Status Report

NASA Space Station On-Orbit Status 25 May 2003

By SpaceRef Editor
May 25, 2003
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NASA Space Station On-Orbit Status 25 May 2003

All ISS systems continue to function nominally, except as noted previously or below.

Second off-duty/rest day for the crew, as Increment 7 moves into its Week 4.

After breakfast (2:40am EDT), the CDR collected the weekly data readings of the Service Module’s (SM) toilet flush and water supply status counters for calldown to MCC-M, then completed the periodic inspection of the Elektron oxygen generator’s VM gas/liquid system for possible obstructing air bubbles.

Later, Yuri conducted his regular care of the on-board pea plants, i.e., the daily monitoring/servicing of the BIO-5 Rasteniya-2 zero-G plant growth experiment in the Lada-2 greenhouse.

On his second day with the Russian Diatomeya program of observing the world’s oceans for bioproductive areas from SM windows 7 and 8, Malenchenko today aimed his Nikon-F5 (80 mm lens) at selected targets in the Atlantic Ocean.  [Target zones were the southern boundary of the West Wind Drift NE of the Falklands, the northern boundary of the West Wind Drift near Gough Island, an upwelling zone near the Orange River runoff, color fields in the Bengal bioproductive zone and at the confluence of the Malvinas and Brazil Currents, and the Falkland-Patagonia bioproductive region.]

Later, Yuri completed the daily routine maintenance of SOZh life support systems, which include the ASU toilet facility, food containers (KRP), water containers (EDV) and solid waste containers (KTO), while FE/SO Edward Lu prepared the daily IMS (inventory management system) delta file for automatic export/import to update the database.

Both crewmembers completed their daily 2.5-h program of physical exercise, on TVIS treadmill, RED expander and, for Yuri, on the Russian VELO cycle ergometer with load trainer.

As agreed during yesterday’s weekly planning conference (WPC) of the crew with the ground, tomorrow’s planned MGS/InSPACE and IMS audit activities will be deferred to gain 2h 45min for Malenchenko and Lu to get more preparation time for the EVA/EMU don/doff dry-run on Wednesday.

Remaining open on the Russian task list:  the troubleshooting of the Starmail Earth photography experiment.  [Some frames taken earlier with the Nikon D1 digital camera showed smudges looking like “soft focus spots”.  Yuri and the ground are considering methods for cleaning the camera’s highly sensitive CCD (charged-couple device) matrix.]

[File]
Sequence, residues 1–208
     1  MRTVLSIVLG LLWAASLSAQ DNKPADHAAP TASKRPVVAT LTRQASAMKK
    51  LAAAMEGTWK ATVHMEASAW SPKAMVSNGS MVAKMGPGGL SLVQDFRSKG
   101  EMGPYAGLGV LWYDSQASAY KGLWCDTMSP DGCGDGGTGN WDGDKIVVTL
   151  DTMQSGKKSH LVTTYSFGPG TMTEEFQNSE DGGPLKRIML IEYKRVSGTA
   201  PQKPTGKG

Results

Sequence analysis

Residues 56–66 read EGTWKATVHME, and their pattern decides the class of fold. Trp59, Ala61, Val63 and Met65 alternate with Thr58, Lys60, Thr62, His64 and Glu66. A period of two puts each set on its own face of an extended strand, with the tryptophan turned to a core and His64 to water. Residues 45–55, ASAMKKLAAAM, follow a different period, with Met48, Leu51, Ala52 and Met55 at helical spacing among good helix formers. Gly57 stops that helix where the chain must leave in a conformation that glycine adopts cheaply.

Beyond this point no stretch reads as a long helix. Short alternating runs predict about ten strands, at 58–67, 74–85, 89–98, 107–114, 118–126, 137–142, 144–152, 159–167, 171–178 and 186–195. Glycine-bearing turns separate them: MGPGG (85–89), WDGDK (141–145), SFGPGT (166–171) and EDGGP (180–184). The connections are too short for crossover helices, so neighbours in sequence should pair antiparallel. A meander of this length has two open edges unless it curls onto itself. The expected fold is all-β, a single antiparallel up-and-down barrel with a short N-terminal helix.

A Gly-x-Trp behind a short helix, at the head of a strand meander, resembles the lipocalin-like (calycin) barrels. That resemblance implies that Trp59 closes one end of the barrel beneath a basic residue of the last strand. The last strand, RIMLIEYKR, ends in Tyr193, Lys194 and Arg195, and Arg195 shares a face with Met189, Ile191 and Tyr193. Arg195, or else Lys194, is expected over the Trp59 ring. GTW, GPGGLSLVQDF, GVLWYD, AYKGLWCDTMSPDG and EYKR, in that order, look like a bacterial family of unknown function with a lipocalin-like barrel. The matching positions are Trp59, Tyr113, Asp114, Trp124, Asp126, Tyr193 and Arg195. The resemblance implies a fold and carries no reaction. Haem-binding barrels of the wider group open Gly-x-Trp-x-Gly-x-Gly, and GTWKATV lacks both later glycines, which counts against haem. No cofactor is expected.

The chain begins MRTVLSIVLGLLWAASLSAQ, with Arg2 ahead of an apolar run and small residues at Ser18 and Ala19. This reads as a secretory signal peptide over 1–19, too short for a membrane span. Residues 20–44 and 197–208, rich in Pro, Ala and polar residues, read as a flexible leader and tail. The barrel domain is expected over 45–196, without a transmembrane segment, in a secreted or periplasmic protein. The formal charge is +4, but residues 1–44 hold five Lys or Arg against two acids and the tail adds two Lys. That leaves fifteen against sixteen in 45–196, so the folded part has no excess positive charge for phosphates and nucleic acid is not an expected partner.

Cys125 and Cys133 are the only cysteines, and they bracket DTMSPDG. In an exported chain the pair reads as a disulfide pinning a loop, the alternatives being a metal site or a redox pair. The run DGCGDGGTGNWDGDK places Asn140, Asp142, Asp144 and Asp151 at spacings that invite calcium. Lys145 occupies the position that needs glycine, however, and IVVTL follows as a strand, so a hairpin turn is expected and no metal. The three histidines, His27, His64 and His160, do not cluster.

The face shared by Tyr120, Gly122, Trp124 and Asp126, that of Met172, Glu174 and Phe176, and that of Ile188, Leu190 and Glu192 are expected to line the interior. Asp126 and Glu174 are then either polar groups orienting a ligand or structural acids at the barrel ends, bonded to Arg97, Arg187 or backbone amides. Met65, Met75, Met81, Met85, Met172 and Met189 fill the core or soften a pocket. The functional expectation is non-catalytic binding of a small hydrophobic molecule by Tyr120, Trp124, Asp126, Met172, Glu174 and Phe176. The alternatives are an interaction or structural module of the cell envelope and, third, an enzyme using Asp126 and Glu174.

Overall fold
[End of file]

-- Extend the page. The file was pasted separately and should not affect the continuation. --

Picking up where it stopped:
At selected times, TsUP today performed more correction tests of the SM’s BINS strap-down navigation/guidance system via S-band comm, using Zvezda’s solar sensor (SD251K) and infrared horizon sensor (IKV256K).

Today’s CEO targets (optional), now no longer restricted by the Lab science window ruled off-limit due to flight attitude, were Wake Island (looking a touch left for detailed views of the fringing coral reefs), Anatahan volcano, Marianas (as Typhoon Chan moves away to the NE, the ash plume of the volcano [plume active 5/23] should have been visible just right of track.  The plume is embedded in the typhoon circulation and should have been oriented towards the E or SE), Typhoon Chan, Marianas (low evening lighting on this large storm which was tracking NNE at 7 kts.  Maximum sustained winds were estimated at 85 kts, gusting to 105 kts. [Unusual transverse lines of outblow cirrus visible on the satellite image.]  Looking right of track), Bombay, India (nadir pass; crew was to try to get the city in one or two views only.  Also, smoke was reported over Bombay.  Oblique images to document the source of the smoke would be interesting), La Paz, Bolivia (looking a touch right for this city that is located partly on the high desert plateau of the high Andes, and partly in a deep landslide canyon on the eastern edge of the plateau), Tianjin, China (night target; nadir pass over Beijing’s large port city.  Looking a touch left for night lights of Beijing), and Berlin, Germany (night target; nadir pass).
CEO images can be viewed at the websites and

ISS Orbit (as of this morning, 7:51am EDT [= epoch]):

  • Mean altitude — 389.0 km
  • Apogee — 393.0 km
  • Perigee — 385.1 km
  • Period — 92.34 min.
  • Inclination (to Equator) —  51.63 deg
  • Eccentricity — 0.0005863
  • Orbits per 24-hr. day — 15.59
  • Mean altitude loss in last 24 hours — 90 m
  • Revolutions since FGB/Zarya launch (Nov. ’98)  — 25746
  • For more on ISS orbit and worldwide naked-eye visibility dates/times, see

Another amazing “Did you know” fact (kindly brought to this report’s attention):

Assembly of the ISS, in volume and wingspan currently equivalent to a B-777 jumbo jet, has to date taken about 650 hours (2 crewmembers doing 50 EVAs @ 6.5 hrs.), with many parts mated in space for the very first time.  Compare this to B-777 assembly, which typically takes 432,000 hrs (2000 technicians in three 8-hr. shifts over three month).  Wow!

SpaceRef staff editor.